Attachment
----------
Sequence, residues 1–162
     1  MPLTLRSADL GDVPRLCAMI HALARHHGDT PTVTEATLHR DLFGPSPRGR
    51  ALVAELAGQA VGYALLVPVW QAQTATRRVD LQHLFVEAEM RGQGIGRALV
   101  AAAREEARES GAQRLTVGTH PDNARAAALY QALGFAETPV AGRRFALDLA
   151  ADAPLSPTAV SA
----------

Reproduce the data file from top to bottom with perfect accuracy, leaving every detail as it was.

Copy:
Sequence, residues 1–162
     1  MPLTLRSADL GDVPRLCAMI HALARHHGDT PTVTEATLHR DLFGPSPRGR
    51  ALVAELAGQA VGYALLVPVW QAQTATRRVD LQHLFVEAEM RGQGIGRALV
   101  AAAREEARES GAQRLTVGTH PDNARAAALY QALGFAETPV AGRRFALDLA
   151  ADAPLSPTAV SA